We have been creating socio-political art for 20 years. Over that time, our perspectives and methodologies have evolved with the art; however, our core concerns have remained intact. We have maintained a concern for disenfranchised people who are adversely affected by economic, environmental, and political issues beyond their control. We have been concerned with the consequences of globalization and large-scale extraction of power. We recognize that social and environmental issues cannot be separated. We have always believed we could make change through art.
Like Raymond Burr in the movie Godzilla, standing on a hillside out of harm’s way, reporting on Godzilla’s destruction of the earth, our early works were journalistic narrative art, which stood to witness global events. It was more an observation of a phenomenon than an overt critical statement. In the 90’s our methodology shifted. We stepped down from the journalist’s hillside vantage point to become more directly involved with the community experiencing Godzilla’s wrath. Our current methodologies have evolved from our earlier experiences, and we have developed a common process that can be applied, with variations, to most of our projects.
The genesis for a project is quite often derived from identifying some issue that has an element of environmental or social conflict. We try to identify the different stakeholders in the conflict and research their positions. We visit the area of the conflict to gather personal first-hand impressions, take photos, and possibly collect materials or specimens. We try to establish an understanding of what the issues are surrounding the conflict and what the agendas of the various stakeholders might be.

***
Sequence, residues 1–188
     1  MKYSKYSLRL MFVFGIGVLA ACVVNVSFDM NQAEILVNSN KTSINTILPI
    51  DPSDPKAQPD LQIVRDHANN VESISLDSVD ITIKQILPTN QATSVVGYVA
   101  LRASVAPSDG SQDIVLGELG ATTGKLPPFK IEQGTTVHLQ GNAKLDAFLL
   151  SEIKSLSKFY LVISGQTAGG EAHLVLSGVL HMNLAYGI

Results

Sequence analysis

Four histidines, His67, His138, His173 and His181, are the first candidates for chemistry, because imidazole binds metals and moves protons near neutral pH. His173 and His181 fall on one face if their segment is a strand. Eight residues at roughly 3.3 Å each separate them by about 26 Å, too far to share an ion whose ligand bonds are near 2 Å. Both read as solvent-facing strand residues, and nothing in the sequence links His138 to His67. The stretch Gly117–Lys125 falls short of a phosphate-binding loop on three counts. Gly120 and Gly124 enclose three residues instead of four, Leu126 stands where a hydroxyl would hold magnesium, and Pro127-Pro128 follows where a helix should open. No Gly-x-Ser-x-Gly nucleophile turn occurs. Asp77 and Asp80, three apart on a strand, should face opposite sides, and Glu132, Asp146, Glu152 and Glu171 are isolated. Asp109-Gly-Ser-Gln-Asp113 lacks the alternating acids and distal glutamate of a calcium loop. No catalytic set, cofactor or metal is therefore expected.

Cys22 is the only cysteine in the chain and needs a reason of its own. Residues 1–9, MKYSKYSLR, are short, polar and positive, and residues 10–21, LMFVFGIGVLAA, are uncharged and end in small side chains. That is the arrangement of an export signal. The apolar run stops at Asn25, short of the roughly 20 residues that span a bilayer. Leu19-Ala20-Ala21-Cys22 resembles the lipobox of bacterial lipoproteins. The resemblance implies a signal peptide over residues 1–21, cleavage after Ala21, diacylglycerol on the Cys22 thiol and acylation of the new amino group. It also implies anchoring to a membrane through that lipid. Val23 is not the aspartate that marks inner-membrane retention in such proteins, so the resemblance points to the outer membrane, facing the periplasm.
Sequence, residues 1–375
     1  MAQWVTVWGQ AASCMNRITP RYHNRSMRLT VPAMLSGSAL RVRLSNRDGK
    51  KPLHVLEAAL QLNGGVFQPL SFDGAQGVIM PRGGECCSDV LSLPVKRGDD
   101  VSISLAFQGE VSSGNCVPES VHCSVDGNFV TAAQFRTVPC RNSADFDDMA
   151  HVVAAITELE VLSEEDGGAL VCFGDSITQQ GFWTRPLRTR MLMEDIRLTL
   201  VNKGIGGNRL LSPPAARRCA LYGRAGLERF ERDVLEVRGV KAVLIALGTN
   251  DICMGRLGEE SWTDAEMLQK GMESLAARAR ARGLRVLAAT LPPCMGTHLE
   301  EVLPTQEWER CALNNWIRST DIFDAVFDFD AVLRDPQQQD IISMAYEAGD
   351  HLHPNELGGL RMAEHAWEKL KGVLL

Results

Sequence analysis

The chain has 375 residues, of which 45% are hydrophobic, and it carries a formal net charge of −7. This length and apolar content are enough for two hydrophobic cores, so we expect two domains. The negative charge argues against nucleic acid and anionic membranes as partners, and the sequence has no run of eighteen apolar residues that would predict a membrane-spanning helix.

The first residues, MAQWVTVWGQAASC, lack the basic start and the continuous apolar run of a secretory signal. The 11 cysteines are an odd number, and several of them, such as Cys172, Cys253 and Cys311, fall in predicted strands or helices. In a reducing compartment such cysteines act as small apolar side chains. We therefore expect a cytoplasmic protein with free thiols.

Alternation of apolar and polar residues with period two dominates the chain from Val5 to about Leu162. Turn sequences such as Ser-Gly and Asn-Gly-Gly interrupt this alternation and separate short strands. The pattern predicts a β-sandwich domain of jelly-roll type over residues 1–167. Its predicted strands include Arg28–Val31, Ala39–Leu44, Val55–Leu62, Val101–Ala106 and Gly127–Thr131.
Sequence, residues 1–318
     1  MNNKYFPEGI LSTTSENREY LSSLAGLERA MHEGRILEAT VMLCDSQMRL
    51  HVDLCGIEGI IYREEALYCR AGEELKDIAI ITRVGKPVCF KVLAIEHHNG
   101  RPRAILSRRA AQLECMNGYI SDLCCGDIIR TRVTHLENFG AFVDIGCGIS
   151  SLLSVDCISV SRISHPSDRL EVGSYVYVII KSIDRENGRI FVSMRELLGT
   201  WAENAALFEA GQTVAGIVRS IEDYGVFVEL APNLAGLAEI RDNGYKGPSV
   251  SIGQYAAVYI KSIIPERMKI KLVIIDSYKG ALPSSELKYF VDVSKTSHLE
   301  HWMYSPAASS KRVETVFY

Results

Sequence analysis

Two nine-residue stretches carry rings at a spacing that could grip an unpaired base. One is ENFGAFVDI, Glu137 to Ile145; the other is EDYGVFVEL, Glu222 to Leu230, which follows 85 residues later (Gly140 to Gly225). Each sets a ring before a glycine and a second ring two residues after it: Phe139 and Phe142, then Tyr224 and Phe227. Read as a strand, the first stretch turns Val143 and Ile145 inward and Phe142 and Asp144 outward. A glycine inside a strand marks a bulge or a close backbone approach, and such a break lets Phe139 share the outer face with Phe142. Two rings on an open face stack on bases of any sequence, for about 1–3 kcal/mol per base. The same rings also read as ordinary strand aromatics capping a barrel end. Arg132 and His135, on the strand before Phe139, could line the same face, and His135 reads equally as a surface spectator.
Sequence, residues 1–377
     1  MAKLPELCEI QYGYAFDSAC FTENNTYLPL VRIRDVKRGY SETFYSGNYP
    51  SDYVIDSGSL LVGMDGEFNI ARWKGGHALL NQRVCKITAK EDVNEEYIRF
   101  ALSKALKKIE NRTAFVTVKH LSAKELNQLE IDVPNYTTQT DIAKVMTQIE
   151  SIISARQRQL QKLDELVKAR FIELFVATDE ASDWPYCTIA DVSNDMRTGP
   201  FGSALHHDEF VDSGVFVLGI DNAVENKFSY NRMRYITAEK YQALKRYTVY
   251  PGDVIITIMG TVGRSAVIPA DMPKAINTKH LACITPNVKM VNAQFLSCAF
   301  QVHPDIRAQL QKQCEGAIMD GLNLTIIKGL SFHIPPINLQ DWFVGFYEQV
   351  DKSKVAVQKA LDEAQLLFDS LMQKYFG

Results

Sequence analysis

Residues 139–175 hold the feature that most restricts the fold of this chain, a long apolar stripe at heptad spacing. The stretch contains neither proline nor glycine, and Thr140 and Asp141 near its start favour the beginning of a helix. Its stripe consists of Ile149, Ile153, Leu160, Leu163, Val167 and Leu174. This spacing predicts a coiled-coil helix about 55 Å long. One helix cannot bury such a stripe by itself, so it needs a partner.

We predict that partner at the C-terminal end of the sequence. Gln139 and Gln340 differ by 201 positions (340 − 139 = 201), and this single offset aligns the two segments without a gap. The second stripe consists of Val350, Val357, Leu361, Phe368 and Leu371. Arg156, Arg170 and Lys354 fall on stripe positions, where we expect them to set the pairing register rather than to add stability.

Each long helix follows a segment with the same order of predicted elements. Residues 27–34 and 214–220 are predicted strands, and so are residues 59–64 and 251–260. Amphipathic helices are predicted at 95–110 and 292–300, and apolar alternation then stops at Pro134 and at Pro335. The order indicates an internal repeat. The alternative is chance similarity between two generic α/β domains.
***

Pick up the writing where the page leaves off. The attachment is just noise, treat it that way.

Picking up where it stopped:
In all of the projects we have been involved in, all stakeholders believe that their positions are valid and their actions are justified. When they have the opportunity to openly state their position, it is apparent that it is a conflict of values and beliefs that fuels the conflict. The question that we pursue, but find very difficult to answer is how do we reconcile conflicting belief systems?
Tom and Connie Merriman collaborate on projects that combine traditional mark making with time based media and documentation systems to create installations that explore the relationship between natural resources and economic and political power. In the 90s the Merrimans created works in response to the development of Hydroelectric Dams in Quebec, Canada that displaced native people and destroyed a vast ecosystem. Recently they focused on a project that investigated Mountain Top Removal coal mining in West Virginia and its subsequent impact to the people and environment of that region. Tom is Senior lecturer in the Design Dept, at Carnegie Melon University. Connie is an artist and educator currently working with The Pennsylvania Council on the Arts, Arts and Education Program.